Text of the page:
Shelby Blocks Nominations Over Redstone Pork
Alabama’s Richard Shelby has placed a hold on all nominations until a 2008 earmark for Redstone Arsenal is released. The Mobile Press-Register:
Sen. Richard Shelby, R-Tuscaloosa, is blocking Senate action on executive branch nominations, a spokeswoman for Senate Majority Leader Harry Reid, D-Nev., said this afternoon in an e-mail.
In response to a question from the Press-Register, Reid spokeswoman Regan Lachapelle confirmed that Shelby has placed a “blanket hold” on most pending nominations.
By placing a hold, a single senator can stop the Senate from voting on a particular nomination, often as a way of gaining leverage on an unrelated issue. It is not clear when Shelby placed the hold or how many nominees are affected. While individual holds are not unusual, Gary Jacobson, a congressional expert at the University of California at San Diego, said he knew of no previous use of a blanket hold.
TPM’s Evan McMorris-Santoro adds:
According to the report, Shelby is holding Obama’s nominees hostage until a pair of lucrative programs that would send billions in taxpayer dollars to his home state get back on track. The two programs Shelby wants to move forward or else:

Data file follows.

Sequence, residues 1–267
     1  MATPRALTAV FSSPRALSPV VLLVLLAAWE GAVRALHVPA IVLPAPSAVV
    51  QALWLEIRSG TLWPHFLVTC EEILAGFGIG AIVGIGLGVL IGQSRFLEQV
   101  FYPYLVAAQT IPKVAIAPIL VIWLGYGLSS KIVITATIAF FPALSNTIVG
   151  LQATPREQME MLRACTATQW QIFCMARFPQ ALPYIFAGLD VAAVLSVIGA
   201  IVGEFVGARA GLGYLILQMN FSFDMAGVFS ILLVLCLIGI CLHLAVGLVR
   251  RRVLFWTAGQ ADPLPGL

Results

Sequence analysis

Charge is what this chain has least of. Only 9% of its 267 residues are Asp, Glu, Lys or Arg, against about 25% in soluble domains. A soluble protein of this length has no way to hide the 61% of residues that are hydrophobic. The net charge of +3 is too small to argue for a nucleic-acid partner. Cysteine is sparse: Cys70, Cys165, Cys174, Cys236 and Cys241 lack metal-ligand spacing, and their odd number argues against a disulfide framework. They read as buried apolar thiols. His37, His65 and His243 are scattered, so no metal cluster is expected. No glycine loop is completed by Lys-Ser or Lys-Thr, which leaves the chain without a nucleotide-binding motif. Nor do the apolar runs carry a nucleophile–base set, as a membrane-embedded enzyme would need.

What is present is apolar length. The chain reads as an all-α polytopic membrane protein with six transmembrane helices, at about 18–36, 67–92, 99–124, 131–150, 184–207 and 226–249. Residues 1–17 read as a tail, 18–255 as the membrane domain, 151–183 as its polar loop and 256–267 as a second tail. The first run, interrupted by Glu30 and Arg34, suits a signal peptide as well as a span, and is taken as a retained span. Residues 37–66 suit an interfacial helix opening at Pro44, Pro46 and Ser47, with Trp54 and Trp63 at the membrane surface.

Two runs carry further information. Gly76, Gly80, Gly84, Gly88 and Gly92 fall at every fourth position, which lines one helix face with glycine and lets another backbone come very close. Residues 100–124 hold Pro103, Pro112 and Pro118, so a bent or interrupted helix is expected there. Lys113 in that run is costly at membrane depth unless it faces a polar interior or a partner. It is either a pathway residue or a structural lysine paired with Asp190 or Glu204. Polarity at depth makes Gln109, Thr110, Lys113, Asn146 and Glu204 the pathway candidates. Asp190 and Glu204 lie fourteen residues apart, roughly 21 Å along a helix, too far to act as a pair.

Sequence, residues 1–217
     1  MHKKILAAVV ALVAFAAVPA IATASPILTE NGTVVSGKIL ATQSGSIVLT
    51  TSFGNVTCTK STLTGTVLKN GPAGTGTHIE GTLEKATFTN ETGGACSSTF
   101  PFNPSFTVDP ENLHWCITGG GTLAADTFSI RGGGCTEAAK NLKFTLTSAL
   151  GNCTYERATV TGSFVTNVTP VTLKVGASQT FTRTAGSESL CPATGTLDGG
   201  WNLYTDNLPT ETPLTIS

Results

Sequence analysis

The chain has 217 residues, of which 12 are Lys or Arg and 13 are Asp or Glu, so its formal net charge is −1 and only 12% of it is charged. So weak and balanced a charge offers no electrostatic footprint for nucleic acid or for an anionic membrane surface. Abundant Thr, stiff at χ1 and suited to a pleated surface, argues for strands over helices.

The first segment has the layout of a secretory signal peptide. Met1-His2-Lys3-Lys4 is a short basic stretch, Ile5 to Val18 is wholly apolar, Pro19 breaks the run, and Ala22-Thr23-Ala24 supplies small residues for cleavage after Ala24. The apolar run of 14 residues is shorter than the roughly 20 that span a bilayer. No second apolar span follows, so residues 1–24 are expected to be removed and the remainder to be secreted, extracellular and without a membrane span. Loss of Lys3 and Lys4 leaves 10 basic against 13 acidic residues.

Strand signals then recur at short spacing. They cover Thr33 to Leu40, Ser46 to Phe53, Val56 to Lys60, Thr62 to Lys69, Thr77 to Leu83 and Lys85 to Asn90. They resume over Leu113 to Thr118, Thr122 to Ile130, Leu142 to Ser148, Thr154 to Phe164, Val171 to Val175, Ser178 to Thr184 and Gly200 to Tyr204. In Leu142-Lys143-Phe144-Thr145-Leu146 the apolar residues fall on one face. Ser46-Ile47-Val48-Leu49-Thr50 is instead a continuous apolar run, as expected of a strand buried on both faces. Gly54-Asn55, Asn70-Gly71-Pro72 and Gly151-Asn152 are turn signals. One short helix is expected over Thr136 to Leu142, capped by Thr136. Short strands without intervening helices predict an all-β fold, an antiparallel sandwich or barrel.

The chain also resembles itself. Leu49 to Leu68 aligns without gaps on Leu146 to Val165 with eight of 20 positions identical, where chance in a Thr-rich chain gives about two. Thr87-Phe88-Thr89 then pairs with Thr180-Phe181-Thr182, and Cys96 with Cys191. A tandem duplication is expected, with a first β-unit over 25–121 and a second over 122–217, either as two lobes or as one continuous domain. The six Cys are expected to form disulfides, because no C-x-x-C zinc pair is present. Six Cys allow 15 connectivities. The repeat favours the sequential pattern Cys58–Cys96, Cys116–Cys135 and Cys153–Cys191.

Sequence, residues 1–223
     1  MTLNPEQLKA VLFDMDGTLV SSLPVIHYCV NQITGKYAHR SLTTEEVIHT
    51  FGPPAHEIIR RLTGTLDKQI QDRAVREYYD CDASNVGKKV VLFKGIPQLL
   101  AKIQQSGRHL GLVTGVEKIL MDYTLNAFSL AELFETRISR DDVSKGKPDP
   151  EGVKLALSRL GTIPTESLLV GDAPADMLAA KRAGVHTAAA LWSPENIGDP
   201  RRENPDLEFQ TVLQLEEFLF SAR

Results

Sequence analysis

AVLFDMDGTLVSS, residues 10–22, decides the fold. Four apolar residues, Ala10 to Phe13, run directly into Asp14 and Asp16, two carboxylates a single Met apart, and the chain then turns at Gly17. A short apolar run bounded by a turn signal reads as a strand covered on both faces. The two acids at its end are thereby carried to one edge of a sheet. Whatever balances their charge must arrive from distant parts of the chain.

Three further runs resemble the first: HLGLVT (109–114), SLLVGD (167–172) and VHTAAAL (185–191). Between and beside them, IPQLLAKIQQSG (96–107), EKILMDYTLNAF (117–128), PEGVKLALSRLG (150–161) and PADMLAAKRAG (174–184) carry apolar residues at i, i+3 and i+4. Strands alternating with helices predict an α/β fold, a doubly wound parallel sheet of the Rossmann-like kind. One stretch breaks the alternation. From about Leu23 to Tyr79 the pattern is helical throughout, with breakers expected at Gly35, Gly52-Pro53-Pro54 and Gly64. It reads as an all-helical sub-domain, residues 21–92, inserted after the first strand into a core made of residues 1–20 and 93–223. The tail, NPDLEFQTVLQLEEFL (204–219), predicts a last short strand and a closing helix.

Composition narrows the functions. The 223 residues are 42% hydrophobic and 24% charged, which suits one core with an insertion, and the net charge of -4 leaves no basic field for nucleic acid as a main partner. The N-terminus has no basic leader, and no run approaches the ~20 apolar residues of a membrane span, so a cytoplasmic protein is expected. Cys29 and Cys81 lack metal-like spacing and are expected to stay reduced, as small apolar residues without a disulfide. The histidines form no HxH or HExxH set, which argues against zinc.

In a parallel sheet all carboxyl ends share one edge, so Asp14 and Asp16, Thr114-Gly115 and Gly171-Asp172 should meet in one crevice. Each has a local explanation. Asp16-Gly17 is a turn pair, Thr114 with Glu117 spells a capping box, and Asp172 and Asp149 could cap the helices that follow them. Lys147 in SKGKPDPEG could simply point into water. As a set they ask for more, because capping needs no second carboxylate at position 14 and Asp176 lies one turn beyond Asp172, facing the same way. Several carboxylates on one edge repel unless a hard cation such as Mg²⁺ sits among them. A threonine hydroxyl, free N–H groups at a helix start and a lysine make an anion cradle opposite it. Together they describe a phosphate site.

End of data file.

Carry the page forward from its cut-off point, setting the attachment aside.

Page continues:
– A $40 billion contract to build air-to-air refueling tankers. From CongressDaily: “Northrop/EADS team would build the planes in Mobile, Ala., but has threatened to pull out of the competition unless the Air Force makes changes to a draft request for proposals.” Federal Times offers more details on the tanker deal, and also confirms its connection to the hold.
– An improvised explosive device testing lab for the FBI. From CongressDaily: “[Shelby] is frustrated that the Obama administration won’t build” the center, which Shelby earmarked $45 million for in 2008. The center is due to be based “at the Army’s Redstone Arsenal.”
Needless to say, people aren’t amused.
The abuse, the arrogance, the corruption … it’s just breathtaking. Shelby is proving himself to be little more than a petty, greedy thug, undermining our system of government until he’s been paid off to his satisfaction.
What’s more, it’s additional evidence, as if more was needed, that congressional Republicans are simply out of control. At a time when the nation needs strong institutions, GOP lawmakers have not only gone mad, they’re also tearing down governmental touchstones like the United States Senate.
It’s inexcusable and unsustainable. Something’s gotta give.
This is more like just a stick up. Gimme my money and I’ll give you your Senate back! Worse than a squeegee man and not much better than a bank robber, Shelby is shutting down the president’s ability to appoint anyone to anything until he gets his way. In a sense Shelby’s gambit is little different from what countless other senators of both parties have done in the past, using the senate rules to get the White House’s attention to pry some money free from the federal government. But the scale is unheard and the moment is different. The only mystery about this one is which is more outrageous — Shelby’s hold or the fact that the rest of the senators of both parties allow it.